Yes, it is important that the insurance company has been notified as soon as an accident occurs. There are several reasons why a follow up is important after an accident. In Kansas, a person should have available to them under their own policy of insurance, at least a minimum of $4500 to pay for any medical bills. So at the outset, that person should be comfortable with paying the ambulance bill and at least a portion of the emergency room bill. It is very important to timely notify and open up a PIP claim with the insurance carrier.

It is also important because many times the adverse insurance carrier is not prompt in taking care of the property damage claim. Many times if a vehicle was totaled in an accident, most people will need a loaner car as soon as possible. If a person has to pay out of pocket for a loaner car, that insurance company should reimburse that person. So it is always a good idea to contact the insurance carrier, let them know there was an accident, explain the general facts, perhaps the name of the investigating officer, what injuries occurred, and treatments received, up to present day.

How Should I Handle The Other Party’s Insurance Company?

We generally discourage all clients that contact our firm from communicating in any substantive way with the other insurance company. The other insurance company is not in the business of taking care of a person’s needs, rather they are in business of not paying out on most claims. We typically discourage any substantive communication with the other insurance company. Other than pertinent information, such as all parties involved in the accident, names, the insurance company, where the wreck occurred, those type of things. That is basic information that is fine to be shared. A lot of times the adverse insurance company will call very shortly after a wreck occurred and ask if they may take a recorded statement.

We discourage clients from giving any recorded statements, even though this is not in the criminal context. Our firm reminds everyone that anything they say can or will be used against that person, and the same goes for a recorded statement taken by any insurance company. The fact of the matter is that many times shortly following an accident, the full extent of someone’s injury is not known and so the comments that are made in a recorded statement are then taken out of context, when a person’s injuries are more severe than they initially thought. So our general advice is to not volunteer information to the other person’s insurance company. But do remain cooperative.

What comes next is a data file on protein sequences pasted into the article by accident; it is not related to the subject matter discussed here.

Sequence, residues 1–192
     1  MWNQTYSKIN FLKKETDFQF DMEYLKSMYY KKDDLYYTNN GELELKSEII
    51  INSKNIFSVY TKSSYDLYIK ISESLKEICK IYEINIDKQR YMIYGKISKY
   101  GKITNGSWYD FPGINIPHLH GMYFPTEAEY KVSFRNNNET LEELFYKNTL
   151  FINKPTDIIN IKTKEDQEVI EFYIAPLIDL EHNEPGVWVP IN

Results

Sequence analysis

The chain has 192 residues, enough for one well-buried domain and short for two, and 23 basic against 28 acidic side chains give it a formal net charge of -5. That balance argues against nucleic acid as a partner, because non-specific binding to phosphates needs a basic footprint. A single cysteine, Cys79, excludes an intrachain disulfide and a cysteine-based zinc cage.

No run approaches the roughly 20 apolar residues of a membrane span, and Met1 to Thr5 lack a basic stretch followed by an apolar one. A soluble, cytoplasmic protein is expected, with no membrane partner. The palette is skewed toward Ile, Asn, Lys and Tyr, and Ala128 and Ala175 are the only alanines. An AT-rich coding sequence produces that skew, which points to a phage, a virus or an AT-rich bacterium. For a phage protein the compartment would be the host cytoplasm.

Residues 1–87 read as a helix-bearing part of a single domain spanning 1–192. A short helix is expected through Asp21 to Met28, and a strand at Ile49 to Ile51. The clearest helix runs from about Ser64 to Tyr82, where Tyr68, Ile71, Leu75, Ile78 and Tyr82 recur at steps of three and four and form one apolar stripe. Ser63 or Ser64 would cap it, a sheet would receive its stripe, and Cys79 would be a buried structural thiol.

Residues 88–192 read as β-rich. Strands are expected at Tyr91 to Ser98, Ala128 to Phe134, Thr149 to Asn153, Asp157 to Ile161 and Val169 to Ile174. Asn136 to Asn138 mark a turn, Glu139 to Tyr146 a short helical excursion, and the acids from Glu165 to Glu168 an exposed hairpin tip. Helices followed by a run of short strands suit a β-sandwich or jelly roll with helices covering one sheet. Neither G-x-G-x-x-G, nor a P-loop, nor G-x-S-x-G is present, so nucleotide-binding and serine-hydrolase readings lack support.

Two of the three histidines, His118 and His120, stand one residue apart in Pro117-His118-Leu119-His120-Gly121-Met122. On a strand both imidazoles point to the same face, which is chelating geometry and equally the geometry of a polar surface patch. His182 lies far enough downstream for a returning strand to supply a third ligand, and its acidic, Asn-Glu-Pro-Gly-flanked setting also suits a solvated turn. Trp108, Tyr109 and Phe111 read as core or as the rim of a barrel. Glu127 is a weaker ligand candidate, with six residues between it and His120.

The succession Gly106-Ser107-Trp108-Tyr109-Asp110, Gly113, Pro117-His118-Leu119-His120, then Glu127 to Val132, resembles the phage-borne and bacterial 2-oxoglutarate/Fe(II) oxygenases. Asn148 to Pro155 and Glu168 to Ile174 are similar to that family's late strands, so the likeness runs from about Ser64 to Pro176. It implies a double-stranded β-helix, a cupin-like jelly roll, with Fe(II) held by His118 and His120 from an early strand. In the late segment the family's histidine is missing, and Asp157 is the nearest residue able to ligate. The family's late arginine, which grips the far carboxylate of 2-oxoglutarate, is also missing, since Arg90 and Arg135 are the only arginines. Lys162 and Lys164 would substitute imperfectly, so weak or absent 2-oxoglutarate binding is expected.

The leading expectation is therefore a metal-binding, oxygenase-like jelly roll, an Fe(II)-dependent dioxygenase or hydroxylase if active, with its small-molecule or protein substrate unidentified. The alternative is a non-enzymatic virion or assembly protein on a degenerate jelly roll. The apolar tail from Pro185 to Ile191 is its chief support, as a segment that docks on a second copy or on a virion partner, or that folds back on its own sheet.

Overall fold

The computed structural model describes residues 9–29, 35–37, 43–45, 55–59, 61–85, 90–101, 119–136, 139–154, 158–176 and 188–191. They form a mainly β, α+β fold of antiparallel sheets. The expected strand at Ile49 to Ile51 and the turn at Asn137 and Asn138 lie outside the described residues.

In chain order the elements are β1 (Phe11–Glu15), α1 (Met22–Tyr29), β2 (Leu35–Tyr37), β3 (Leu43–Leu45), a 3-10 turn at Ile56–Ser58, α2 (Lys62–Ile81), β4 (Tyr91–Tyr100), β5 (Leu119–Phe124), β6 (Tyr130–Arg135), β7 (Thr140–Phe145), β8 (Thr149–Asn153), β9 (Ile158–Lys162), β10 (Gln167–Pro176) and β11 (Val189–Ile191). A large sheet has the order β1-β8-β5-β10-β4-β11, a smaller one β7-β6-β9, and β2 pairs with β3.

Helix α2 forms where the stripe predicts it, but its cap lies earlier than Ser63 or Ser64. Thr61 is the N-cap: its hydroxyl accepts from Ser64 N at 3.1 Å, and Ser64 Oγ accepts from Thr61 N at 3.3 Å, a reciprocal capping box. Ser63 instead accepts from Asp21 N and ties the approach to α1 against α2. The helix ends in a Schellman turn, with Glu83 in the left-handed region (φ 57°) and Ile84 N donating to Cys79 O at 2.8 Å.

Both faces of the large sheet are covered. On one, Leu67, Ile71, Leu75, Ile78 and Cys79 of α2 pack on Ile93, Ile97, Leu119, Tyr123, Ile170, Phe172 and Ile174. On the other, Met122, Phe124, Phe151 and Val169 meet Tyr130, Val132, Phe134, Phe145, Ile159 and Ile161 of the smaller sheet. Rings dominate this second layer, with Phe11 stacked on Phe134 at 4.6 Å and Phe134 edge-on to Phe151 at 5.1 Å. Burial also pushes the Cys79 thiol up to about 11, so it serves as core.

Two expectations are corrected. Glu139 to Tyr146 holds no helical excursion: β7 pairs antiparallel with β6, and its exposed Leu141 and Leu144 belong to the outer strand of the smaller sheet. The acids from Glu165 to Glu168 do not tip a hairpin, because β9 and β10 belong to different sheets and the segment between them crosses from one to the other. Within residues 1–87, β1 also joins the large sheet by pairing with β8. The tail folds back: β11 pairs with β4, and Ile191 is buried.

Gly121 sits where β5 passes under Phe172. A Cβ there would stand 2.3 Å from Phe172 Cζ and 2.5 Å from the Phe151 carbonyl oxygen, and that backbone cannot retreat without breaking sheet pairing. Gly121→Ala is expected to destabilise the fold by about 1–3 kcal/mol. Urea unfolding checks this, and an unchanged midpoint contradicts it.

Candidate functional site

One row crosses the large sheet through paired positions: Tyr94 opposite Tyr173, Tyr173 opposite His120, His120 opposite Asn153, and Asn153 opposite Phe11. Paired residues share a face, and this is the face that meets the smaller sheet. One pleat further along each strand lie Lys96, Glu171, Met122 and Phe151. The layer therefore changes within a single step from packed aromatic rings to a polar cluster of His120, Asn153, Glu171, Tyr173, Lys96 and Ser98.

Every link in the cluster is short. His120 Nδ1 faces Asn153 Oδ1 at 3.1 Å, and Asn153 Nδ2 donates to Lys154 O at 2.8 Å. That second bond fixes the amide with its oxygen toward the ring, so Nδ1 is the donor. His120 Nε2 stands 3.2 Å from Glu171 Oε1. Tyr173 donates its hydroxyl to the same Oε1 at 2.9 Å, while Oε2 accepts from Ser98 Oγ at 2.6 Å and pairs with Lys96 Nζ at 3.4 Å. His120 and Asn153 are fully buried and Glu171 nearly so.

However, do not provide the insurance company with information that they are later going to use against you. One of the benefits of retaining a lawyer very early on is that the lawyer then handles all of the communication with the adverse insurance company. The adverse insurance company can no longer speak to a person once they have retained an attorney. That is another benefit of hiring a lawyer early on.

If Someone Feels Fine After An Accident But Later Starts Feeling Pain, Do They Still Have A Claim?

An insurance company my say no but yes, they most certainly do. Our recommendation is that as soon as possible following a wreck, any injuries that were sustained should be medically treated as soon as possible. When a person’s adrenaline is running, they think they are fine so they begin walking and do not appear to be in any significant pain. But then a few days later, if there is something significantly wrong, that should not be ignored and should be medically treated. This happens more frequently after the initial shock has worn off.

Whether it is a personal physician or the emergency room doctors, each person should follow up after an accident as soon as possible, especially after consistent pain sets in. Anyone can make a claim even if there is a short delay in treatment. One of the most common tactics for an insurance company is to deny a personal injury claim by using a gap in treatment. Whether it is one, two or three weeks after a wreck, they will try to argue that whatever the injuries that somebody has sustained are not related to the wreck. So the gap in treatment is an issue, which is why we recommend getting to a health care provider as soon as possible following a wreck, once injuries have been sustained.